Our countdown to the 2016-17 season continues, with 32 days to go.
As Los Angeles Kings fans, we’ve gotten to take a lot of things for granted over the last few years. One big one? Having a decent penalty kill. The Kings’ return to the playoffs in 2009-10 was in spite of having the 20th-ranked PK in the league, but since then, the Kings have been in the top half of the league in penalty kill percentage every year.
This was not the case in the late 1970s and early 1980s.
LA doesn’t hold many single-season team records, but they’ve got one locked down, and it’s not a good one: the 1979-80 Kings had the worst penalty kill ever. They are the only team since special teams statistics started being tracked to give up power play goals on more than 32% of their penalty kills. And given that the worst penalty kill percentage since the lockout was Florida’s 74.2% in 2012-13, there’s a good chance this record will stand the test of time.
The ten worst penalty kills since stats started being kept:
- 1979-80 Los Angeles Kings: 67.7%
- 1982-83 Los Angeles Kings: 68.2%
- 1978-79 Washington Capitals: 70.3%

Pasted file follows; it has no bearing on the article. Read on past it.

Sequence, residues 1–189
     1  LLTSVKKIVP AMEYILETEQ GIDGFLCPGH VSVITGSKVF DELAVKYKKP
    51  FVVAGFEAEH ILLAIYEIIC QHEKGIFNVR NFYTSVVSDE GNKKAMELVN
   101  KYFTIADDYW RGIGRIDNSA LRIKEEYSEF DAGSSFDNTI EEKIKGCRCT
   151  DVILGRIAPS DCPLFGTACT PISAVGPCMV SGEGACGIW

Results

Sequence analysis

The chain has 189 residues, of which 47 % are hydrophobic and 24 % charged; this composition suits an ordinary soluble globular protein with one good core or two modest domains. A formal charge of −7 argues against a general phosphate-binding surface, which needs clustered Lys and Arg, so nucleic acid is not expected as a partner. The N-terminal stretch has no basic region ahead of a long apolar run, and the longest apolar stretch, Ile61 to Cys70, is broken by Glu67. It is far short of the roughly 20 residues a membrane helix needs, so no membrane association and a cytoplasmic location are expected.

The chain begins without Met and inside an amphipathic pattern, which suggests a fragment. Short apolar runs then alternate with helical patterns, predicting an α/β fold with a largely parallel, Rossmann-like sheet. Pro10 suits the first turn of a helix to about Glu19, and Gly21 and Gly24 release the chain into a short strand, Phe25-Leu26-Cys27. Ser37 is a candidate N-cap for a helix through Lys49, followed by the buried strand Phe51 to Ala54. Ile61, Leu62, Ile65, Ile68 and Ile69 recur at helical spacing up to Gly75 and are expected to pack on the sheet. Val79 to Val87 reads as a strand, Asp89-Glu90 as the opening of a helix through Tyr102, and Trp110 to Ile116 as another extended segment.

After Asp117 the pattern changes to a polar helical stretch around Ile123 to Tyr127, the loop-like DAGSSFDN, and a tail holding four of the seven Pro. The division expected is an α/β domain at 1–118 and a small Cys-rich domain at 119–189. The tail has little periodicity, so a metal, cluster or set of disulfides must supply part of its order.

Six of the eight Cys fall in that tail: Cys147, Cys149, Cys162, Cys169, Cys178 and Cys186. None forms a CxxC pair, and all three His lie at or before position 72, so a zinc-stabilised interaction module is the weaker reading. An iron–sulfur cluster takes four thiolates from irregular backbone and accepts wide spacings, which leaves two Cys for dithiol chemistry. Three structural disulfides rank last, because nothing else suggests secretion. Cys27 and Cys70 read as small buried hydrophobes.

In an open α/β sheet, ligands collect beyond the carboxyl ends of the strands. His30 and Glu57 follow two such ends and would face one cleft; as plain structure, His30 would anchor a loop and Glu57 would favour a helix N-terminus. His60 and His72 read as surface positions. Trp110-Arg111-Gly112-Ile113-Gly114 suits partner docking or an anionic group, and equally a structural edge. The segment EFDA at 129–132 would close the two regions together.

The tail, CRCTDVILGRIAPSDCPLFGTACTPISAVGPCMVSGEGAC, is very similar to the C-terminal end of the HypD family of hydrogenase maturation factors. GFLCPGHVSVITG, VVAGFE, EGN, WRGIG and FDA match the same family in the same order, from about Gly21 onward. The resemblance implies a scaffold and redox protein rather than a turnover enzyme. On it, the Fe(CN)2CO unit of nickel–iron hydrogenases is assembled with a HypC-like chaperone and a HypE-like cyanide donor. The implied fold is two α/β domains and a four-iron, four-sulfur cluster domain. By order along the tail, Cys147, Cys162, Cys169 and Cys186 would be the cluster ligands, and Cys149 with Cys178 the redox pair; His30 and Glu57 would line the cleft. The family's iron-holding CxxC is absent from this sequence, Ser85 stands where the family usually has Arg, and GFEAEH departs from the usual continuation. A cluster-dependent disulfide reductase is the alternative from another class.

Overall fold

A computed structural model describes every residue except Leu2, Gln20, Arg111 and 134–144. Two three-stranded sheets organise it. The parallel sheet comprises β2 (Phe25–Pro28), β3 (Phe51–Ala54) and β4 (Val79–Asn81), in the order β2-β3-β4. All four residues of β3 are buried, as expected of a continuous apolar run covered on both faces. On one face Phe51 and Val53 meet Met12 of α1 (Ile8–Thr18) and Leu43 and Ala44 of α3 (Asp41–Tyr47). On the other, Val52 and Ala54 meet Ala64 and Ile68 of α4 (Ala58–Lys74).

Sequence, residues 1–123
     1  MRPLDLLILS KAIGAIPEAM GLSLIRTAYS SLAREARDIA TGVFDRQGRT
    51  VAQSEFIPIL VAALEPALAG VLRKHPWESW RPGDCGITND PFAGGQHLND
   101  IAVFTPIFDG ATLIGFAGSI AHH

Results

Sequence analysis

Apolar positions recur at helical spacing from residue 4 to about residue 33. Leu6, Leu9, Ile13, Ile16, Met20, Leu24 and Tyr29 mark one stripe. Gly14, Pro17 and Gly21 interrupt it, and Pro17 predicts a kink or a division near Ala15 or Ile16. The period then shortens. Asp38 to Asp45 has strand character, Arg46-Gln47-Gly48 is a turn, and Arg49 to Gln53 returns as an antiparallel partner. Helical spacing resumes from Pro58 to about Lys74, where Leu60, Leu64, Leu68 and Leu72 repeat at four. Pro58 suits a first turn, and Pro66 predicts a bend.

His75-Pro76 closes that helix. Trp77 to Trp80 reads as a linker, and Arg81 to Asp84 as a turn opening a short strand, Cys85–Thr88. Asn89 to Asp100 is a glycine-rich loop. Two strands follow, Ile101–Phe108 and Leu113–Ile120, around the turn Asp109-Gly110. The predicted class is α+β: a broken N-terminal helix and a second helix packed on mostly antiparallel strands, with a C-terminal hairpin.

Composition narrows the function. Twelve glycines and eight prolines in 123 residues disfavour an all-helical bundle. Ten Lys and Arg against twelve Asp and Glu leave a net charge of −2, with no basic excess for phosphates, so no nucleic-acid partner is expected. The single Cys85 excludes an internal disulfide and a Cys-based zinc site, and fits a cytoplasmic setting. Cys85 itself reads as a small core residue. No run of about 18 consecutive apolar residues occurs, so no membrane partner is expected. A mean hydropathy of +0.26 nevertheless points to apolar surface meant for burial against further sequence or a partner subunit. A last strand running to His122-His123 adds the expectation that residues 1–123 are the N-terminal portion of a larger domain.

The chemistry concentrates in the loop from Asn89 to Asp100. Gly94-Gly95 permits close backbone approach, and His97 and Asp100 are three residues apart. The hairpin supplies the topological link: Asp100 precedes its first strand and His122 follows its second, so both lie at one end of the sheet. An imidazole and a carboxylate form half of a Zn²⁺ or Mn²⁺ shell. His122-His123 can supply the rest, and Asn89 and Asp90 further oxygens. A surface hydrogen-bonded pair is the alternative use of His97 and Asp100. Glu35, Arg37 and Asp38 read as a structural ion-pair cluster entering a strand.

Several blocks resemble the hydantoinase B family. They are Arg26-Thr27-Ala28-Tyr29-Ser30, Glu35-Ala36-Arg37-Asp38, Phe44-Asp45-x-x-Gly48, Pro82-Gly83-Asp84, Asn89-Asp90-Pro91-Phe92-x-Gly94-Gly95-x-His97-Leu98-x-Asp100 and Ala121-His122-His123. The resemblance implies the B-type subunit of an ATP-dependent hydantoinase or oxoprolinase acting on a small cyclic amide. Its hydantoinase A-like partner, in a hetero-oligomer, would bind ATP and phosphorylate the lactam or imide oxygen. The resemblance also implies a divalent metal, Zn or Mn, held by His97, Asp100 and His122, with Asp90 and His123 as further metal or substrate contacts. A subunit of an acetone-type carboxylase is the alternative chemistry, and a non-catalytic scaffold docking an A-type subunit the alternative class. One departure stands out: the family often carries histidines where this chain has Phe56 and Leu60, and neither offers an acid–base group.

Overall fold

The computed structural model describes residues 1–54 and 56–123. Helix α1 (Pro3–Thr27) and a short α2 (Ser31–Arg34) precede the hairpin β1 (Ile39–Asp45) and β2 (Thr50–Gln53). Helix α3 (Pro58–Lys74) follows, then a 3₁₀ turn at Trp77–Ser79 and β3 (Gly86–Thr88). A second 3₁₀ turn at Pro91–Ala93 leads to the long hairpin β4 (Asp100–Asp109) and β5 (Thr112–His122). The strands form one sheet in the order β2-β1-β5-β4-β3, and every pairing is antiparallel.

- 1984-85 Vancouver Canucks: 70.5%
- 1978-79 Colorado Rockies: 70.6%
- 1981-82 Los Angeles Kings: 71.3%
- 1974-75 Washington Capitals: 71.3%
- 1985-86 Los Angeles Kings: 71.7%
- 1977-78 Vancouver Canucks: 71.7%
- 1985-86 Detroit Red Wings: 71.8%
(stats via Arctic Ice Hockey)
The Kings used twelve defensemen in 1979-80, and clearly, it hurt them. They weren’t just a one-year wonder though; as you can see above, they struggled with their penalty kill for the better part of a decade. Sure, being a poor defensive team in the midst of a boom in offense didn’t help, but even if you adjust for the league average at the time, LA brings up the rear.
So even if the PK takes a hit next season, just be glad a third of LA’s penalties aren’t resulting in goals for the other team.